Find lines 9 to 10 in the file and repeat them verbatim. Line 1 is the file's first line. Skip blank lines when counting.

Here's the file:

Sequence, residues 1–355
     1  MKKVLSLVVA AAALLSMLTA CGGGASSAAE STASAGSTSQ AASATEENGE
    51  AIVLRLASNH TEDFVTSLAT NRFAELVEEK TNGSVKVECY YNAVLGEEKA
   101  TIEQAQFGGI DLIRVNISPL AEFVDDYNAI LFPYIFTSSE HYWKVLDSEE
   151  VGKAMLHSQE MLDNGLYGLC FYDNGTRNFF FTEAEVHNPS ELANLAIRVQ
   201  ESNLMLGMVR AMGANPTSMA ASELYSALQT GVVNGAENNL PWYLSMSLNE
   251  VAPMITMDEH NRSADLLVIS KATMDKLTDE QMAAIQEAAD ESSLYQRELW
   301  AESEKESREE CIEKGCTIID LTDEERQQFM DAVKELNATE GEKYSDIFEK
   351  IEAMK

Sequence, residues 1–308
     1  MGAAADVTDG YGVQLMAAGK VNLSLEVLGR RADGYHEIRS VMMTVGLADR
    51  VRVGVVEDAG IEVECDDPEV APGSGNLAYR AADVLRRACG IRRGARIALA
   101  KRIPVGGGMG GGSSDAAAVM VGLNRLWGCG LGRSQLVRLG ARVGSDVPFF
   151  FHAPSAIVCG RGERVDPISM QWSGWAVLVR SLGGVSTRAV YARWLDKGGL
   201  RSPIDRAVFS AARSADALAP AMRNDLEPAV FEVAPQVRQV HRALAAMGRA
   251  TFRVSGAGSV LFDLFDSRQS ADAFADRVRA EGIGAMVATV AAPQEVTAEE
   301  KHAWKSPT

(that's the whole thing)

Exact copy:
   351  IEAMK

Sequence, residues 1–308